07/09/2014 08:52 am ET | Updated Jul 09, 2014

14 Beautiful Artworks That Prove Brazil Is Much More Than The World Cup

These days, if the word "Brazil" is spoken, an image of Tuesday's World Cup fiasco quickly flashes to mind, complete with dropped jaws and collectively bawling bleachers. But here on the arts page we are a little less concerned with whatever soccer games are going down in the Latin American country and more concerned with a far less publicized, far more beautiful, Brazilian event.

It's called "artevida."


Dóra Maurer. Seven Twists, 1979. Photograph (silver print) from series of 6 images, 20 x 20 cm (each). Collection of Zsolt Somlói and Katalin Spengler, Budapest. (Corpo)

"Artevida," or "artlife," is a multi-site contemporary art exhibition taking place throughout the city of Rio de Janeiro this summer. The show, exploring the vibrant spaces where art and life intersect, weaves together Brazilian artists from the 1950s to the early 1980s, particularly those in Rio. The show works in lesser-known international artists from Asia, Eastern Europe, Africa and the Americas as well, all of whom connected with and/or influenced the Brazilian home base.

Curated by Adriano Pedrosa and Rodrigo Moura, the exhibition is organized not through artist or era but through a series of thematic threads, thus refuting a "singular, Eurocentric and encyclopedic art history," as the exhibition describes. The four groups of artworks are corpo (body), arquivo (archive), parque (park) and politica (politics), each division containing within it a cross-section of media, methods, eras and personal visions.


Sue Williamson. A Few South Africans: Virgina Mngoma, 1984. Photoetching/screenprint collage. 70 x 64 cm (108,5 x 80 cm com moldura). Courtesy of the artist and Goodman Gallery. (Politica)

There are more than 250 works on view, a vast majority of which fall into the corpo and politico categories. Corpo explores ideas of self-portraiture, the organic line and the body in flux -- featuring Lygia Clark and Japan's avant-garde Gutai. Politico features works made in resistance to an oppressive political regime, from Brazil’s 1960s military dictatorship to Vietnam. In Arquivo, archival material from two South American artists, Fluxus member Paulo Bruscky and Argentinean artist Graciela Carnevale, are on view, while parque boasts a selection of outdoor sculptures and installations.

"For 'artevida,' Rodrigo Moura and I decided not to approach the exhibition as a comprehensive overview or to trace the geneaology of Brazilian artists," curator Pedrosa explained. "'artevida' is more fragmented than monolithic, provisional than definite. In the search for other more plural, open and diverse narratives that develop dialogues between works and documents, the exhibition has a focus on artists from the Global South, as well as on women artists.”

"The visual arts are woven into every aspect of life in Rio de Janeiro," added curator Moura. "When we were presented with the opportunity to create an exhibition during the World Cup, Adriano Pedrosa and I agreed that the entire city should be our canvas to express the interrelated relationship of art and society rather than trying to contain Rio’s cultural dynamism within a single, traditional art venue."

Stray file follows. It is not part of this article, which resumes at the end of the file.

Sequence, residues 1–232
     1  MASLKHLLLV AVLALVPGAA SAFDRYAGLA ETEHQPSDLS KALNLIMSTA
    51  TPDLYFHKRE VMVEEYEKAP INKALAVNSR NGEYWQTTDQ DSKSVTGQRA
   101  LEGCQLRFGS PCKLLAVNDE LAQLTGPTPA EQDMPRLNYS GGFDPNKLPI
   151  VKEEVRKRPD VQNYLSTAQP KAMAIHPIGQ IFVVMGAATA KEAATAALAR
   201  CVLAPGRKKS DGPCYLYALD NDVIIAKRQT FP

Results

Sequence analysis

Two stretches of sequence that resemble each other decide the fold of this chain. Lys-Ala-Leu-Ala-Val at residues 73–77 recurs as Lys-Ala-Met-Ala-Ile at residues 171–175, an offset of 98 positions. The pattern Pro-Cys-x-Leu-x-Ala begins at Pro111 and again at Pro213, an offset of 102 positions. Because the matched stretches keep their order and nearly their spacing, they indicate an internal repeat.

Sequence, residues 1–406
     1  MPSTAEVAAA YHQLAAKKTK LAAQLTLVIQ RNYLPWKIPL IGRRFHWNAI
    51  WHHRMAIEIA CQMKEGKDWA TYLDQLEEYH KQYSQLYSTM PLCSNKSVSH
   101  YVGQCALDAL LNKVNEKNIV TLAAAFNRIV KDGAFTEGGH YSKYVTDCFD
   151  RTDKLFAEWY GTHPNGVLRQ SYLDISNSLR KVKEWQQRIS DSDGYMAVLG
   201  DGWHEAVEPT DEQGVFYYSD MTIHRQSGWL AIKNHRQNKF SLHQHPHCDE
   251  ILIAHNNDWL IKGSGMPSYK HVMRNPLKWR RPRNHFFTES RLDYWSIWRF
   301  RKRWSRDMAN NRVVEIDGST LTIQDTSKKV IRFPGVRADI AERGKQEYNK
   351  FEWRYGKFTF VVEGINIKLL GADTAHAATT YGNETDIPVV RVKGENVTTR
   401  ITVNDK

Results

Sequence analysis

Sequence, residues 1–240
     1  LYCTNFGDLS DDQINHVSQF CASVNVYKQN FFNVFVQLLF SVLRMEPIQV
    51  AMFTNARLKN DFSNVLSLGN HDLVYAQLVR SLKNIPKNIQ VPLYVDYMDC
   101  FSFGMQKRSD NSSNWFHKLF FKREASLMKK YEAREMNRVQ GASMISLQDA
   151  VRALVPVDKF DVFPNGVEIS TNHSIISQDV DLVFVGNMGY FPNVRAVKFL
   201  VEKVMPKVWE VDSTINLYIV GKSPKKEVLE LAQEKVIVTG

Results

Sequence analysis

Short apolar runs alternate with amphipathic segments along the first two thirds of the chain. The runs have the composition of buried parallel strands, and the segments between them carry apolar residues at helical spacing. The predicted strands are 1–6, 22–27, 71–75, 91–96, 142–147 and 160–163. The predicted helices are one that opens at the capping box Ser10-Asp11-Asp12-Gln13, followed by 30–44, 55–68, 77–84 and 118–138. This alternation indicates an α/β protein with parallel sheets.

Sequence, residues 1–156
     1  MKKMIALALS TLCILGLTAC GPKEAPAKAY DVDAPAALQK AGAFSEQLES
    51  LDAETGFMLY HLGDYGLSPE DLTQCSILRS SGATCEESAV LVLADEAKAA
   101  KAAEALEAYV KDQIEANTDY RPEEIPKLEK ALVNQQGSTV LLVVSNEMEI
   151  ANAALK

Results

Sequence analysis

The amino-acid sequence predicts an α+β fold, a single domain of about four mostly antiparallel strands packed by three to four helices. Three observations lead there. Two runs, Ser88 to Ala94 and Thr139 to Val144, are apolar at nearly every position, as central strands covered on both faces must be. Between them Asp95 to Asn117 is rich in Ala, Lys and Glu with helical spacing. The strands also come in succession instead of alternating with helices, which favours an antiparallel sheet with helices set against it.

"artevida" will be on view until September 21, 2014 at various locations throughout Rio de Janeiro, and is is commissioned by the Rio de Janeiro State Culture Secretariat, organized by curators Adriano Pedrosa and Rodrigo Moura and produced by Endora Arte Produções Ltda. The exhibition has been made possible through support by sponsors Itaú and Petrobras.Find more information here.

Get a taste of the stunning works below and let thoughts of black-and-white balls and goal posts drift from your mind.

  • Sanja Iveković. Personal Cuts, 1982. Video, black and white and color, audio, 3:35 min. Collection espaivisor gallery. (Corpo)
  • Mathias Goeritz. Cruz en la caja, 1960-61. Wood, metal hinges and gold leaf, 72 x 56 cm (open) / 20.5 x 21 cm (closed). Private Collection. Courtesy of Henrique Faria Fine Art, New York. (Corpo)
  • Eduardo Terrazas. 2.12, 1970/72. Wool yarn and wooden board covered with Campeche wax. 91 x 91 cm. Private Collection, São Paulo, Brazil. (Corpo)
  • Geta Brătescu, Vestigii, 1978. Textile collage on paper, 35.5 x 50.5 cm. Private Collection, São Paulo, Brazil. (Corpo)
  • Martha Araújo. Registro fotográfico da performance/instalação "Hábito Habitante", 1985. Photograph, 18 x 22 cm. Courtesy of the artist and Galeria Jaqueline Martins, São Paulo, Brazil. (Parque)
  • John Dugger. Model for Angola Banner, 1976. Banner with 9 strips of fabric, 107 x 220 cm. © John Dugger, England & Co Gallery, London. Photo: England & Co Gallery, London. (Politica)
  • Paulo Bruscky. Luto/Censurado, 1974. Stamped ballot and ballot box, 14.5 x 27 x 4.5 cm. Collection of Lili and João Avelar. Photo: Daniel Mansur. (Politica)
  • Tsuruko Yamazaki. RED (Shape of Mosquito Net), 1956. Installation. Courtesy LADS, Osaka and Take Ninagawa, Tokyo. artevida installation photo by Jacson Trierveiler, June, 25th, 2014 by the pool of Escola de Artes Visuais at Parque Lage, Rio de Janeiro. (Parque)
  • Nil Yalter. Topak Ev, 1973. Installation with leather, felt, paint and metal, 2.5 x 3 m. Collection Istanbul Bilgi University. (Politica)
  • Mladen Stilinović. Crvena nit (Red Thread), 1980. Thread and banknotes on artificial silk, 32 x 105 cm. Courtesy Galerie Frank Elbaz. Photo: Zarko Vijatovic. (Politica)
  • Abdul Hay Mosallam. Jerusalem, The Bird's Nest, 1978. Acrylic on saw dust and glue, 60 x 60 cm. Courtesy of the artist. (Politica)
  • Sanja Iveković. NOVI ZAGREB (Ljudi iza prozora), 1979. Photograph, 80 x 110 cm. Courtesy of the artist. (Politica)


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